When facing the loss of a loved one, the last thing someone wants to think about is the expense related to the funeral. Often the cost comes as a shock to the family. When I lost my father in 2006, it was up to my step-mom and I to go about planning his funeral arrangements. I guess I always knew that the cost of a funeral could get pricey, I just never realized how much!
The cost of the average funeral has dramatically increased in the last 25 years. However it’s an expense that we can’t avoid. Being prepared and understanding the costs involved can help the process of planning for a funeral a little bit easier and help people decide whether getting a burial insurance policy is the right choice to support their loved ones.
Breaking Down the Costs
From death to burial, and all the steps in between, today’s average funeral can cost upwards of $15,000. There are a few areas where the expense can be cut, such as in choosing the style and extravagance of the casket. But some basic services, such as the cost of the funeral directors services can not be avoided. There are two areas that need to be looked at in terms of expense: the funeral service/funeral home fees, and the burial/cemetery fees.
The Funeral Services
According to the National Funeral Directors Association, the average funeral cost is around $6,500. This does not include the burial fees, including plot and headstone.
Here’s a look at some of the fees broken down and what they cover:
- Non-declinable basic services fee, $1800 – this fee can include the cost of the funeral directors services in securing permits, overhead, arranging the funeral plans, and coordinating services
- Removal/transfer of remains to the funeral home, $250 – while your loved one may pass at home, in a hospital, or someplace else, their body has to get moved to the funeral home for the services
- Embalming, $625
- Other preparation of the body, $200 – this may include dressing the body, grooming, or applying make-up
- Use of facilities/staff for viewing, $395 – average cost, but can change based on the duration of viewing hours and space needed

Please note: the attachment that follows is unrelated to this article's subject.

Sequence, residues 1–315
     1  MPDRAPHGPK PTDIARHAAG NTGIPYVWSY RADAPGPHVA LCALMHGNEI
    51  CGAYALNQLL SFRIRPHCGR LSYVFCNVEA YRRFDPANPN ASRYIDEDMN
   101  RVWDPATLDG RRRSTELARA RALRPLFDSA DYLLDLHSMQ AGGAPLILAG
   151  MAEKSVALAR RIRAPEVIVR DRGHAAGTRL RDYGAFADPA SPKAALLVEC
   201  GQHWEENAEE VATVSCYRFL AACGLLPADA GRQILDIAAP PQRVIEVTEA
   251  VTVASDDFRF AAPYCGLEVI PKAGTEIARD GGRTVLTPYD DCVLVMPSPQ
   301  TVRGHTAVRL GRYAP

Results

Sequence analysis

- Use of facilities/staff for funeral ceremony, $450 – lets face it, those folks who drive the hearse, open the doors for visitors, fetch more tissues, etc… need to get paid
- Use of a hearse, $275 – includes a driver and their services as well
- Use of a service car/van, $125 – this is usually a limousine used to transport the family from the funeral home to the church and/or cemetery
- Memorial printed package, $125 – can include programs and mass cards
The Cemetery Costs
Costs related to the burial are separate then those of the funeral. The burial costs include:
- The cemetery plot, $1000 – this is the area of land purchased in the cemetery for burial of the body
- The vault, $700 – an airtight container is required to hold the casket, cost can vary based on material used
- Headstone, hundreds to thousands of dollars – this cost varies greatly based on the size, material chosen, engraving and details.
Regarding the headstone, I have to emphasize “cost varies greatly”. I was unaware of all the subtle differences that can go into selecting a headstone and much the cost can escalate. For example, by having smooth sides or edges really jumped the price up considerably.
It is common now for people to plan ahead for their funeral services and even pre-pay or purchase a burial insurance policy. Arrangements and payments can be made over time with the funeral home to help family members not be burdened with the costs and details of funeral arrangements in their time of grief. Even if your loved one hasn’t paid ahead, taking the time to consider what costs are really necessary and where you might be able to save is a good idea.
Word of caution on pre-paying funerals: make sure you know where the money is going. An estate attorney that I work with shared a story of a funeral home that was selling pre-paid funeral plans. Those plans became obsolete, when the funeral home went bankrupt.
Did you have to bury a loved one and get shocked on how much it cost?